Even in death, Algerian war veteran and Hirak activist defies authorities
Condolences have been pouring in for a prominent Algerian war veteran after news of his death broke on Wednesday evening.
Lakhdar Bouregaa, a revered veteran of the war of independence against France and a figure in Algeria's popular Hirak, died at the age of 87 after he was hospitalised in Algiers on 21 October after testing positive for Covid-19.
Earlier media reports stated that he would be buried in the El Alia cemetery in the capital, where prominent figures of the war of liberation and former heads of state are interred. However, Bouregaa’s son, Hani, refuted the claims on his Facebook page, confirming that his father will be buried at the Sidi Yahia cemetery in Hydra, honouring his dying wish.
Bouregaa’s decision mirrors that of another revolutionary national figure, Hocine Ait Ahmed, who also refused to be buried in the cemetery.
A 'tireless activist'
Born on 15 March 1933, Bouregaa was a senior military official in the National Liberation Army (NLA) from 1956, and assumed control of Wilaya IV, covering the north of Algeria, during the nearly eight-year-long bloody conflict to gain independence from France.
Following independence, Bouregaa went on to become a founding member of the Socialist Forces Front (FFS) in 1963, Algeria's oldest opposition party, and as a result he became a political prisoner from 1967 to 1975, under the presidency of Houari Boumediene, after he was charged with conspiracy to murder Boumediene and plan a coup.
"Algeria is losing a man of great stature,” the FFS said in a statement. “Millions of Algerians will retain the image of him as a tireless activist who, despite his old age and illness, chose to continue his struggle for a democratic state."
Mohcine Belabbas, president of the Rally for Culture and Democracy, described Bouregaa as "a landmark for the youth", and a man who "remained faithful to his oath after independence".
"He is one of the symbols of struggle against colonialism... and because of his struggle, he suffered a great injustice," prominent lawyer Mustapha Bouchachi said on Thursday.
Translation: "A great man has just left us. Dedicating his life to Algeria. He never stopped fighting, but he left us to join eternity. Si Lakhdar Bouregaa is no more. History will not forget you. God have mercy on you."
At 86, Bouregaa, who was a member of the National Organisation of Mujahideen, was imprisoned from 30 June 2019 to 2 January for his role in the Hirak, the movement which began in February 2019 in protest at Abdelaziz Bouteflika seeking a fifth term in office.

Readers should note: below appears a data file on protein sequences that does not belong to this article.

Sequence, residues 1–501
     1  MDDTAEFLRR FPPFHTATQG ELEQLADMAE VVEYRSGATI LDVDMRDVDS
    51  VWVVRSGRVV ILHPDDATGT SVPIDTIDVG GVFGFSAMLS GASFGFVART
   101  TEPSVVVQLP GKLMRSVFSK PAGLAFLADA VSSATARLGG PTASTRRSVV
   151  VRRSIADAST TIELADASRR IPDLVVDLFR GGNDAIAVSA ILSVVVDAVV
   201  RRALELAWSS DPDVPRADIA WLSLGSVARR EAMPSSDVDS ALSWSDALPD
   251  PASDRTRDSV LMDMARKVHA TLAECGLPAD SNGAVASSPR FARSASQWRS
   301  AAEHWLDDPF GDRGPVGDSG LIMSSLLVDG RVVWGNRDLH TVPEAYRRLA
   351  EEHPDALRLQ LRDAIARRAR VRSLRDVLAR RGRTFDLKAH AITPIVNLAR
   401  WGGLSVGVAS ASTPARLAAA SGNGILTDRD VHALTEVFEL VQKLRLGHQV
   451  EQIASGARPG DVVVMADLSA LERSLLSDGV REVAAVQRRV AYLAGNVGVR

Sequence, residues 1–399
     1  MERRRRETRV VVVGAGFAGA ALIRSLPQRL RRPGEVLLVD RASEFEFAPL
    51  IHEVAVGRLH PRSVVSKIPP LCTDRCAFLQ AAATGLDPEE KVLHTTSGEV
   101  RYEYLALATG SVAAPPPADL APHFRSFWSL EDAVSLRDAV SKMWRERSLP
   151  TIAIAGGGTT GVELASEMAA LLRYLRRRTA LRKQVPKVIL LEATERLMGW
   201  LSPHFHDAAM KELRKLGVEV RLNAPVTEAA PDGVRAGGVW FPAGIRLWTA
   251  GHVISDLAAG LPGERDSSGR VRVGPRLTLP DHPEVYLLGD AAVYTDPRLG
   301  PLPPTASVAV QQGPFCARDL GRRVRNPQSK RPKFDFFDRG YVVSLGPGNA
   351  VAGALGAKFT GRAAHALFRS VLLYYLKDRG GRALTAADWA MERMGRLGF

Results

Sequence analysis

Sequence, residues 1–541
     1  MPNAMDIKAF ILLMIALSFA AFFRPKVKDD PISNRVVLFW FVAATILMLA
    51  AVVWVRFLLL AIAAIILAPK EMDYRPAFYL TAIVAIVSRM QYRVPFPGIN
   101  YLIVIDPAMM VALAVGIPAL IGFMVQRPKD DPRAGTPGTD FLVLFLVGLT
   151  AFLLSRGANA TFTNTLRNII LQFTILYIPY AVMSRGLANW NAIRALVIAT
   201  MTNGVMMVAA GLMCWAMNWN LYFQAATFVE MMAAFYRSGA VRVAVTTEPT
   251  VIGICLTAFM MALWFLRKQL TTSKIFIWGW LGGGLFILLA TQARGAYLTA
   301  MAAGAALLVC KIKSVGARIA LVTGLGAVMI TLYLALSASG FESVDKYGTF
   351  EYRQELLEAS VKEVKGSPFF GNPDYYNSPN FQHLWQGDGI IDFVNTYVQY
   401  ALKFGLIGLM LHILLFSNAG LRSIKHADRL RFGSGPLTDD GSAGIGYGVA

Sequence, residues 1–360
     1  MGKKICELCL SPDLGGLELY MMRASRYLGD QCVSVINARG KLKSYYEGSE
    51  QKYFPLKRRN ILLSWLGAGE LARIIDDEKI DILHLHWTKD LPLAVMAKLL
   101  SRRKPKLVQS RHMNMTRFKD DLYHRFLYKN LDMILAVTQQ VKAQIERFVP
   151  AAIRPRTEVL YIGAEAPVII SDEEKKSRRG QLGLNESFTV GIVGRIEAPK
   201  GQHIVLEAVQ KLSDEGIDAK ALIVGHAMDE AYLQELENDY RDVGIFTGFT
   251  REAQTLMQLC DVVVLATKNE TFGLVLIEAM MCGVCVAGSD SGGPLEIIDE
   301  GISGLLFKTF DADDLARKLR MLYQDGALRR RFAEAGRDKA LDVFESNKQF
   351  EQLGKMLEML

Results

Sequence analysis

Bouregaa was charged with "insulting a state body" and "participating in a company demoralising the army with the aim of harming national defence".
His arrest and subsequent detention sparked outrage in Algeria and provoked a defamation campaign in local media, which questioned his role in the independence war and accused him of being an agent of the French army between 1954 and 1956, in order to legitimise his detention.
Bouregaa, who threatened to go on hunger strike in protest at his detention, rejected the possibility of an earlier release due to the incarceration of dozens of young protesters – he demanded their release as a condition for his own.
During his trial, he refused to answer the judge's questions, stating that he did not recognise “the judge of an illegitimate system”. In November 2019 he underwent surgery for a hernia and was released on 2 January, and was subsequently fined $750 during a trial held on 12 March.
The National Committee for the Liberation of Detainees has called on Algerians to take part in a balcony protest, banging a traditional pot called the mahraz in remembrance of Bouregaa and more than 70 detainees currently imprisoned as part of the government’s crackdown on dissent.
Banging the mahraz from windows and balconies was a tactic used by Algerian families during the colonial period to warn the neighbourhood of the arrival of French soldiers in pursuit of independence fighters. It has been used a number of times since the pandemic halted street mobilisations.
In a memoir, Bouregaa wrote, “for me, as for many generations, the war of liberation was not only the beginning of a new life, of a new era, but a birth certificate, a founding act of who we are, of what we should have been, what we should never have ceased to be: free men. Algerians living freely in a free country.”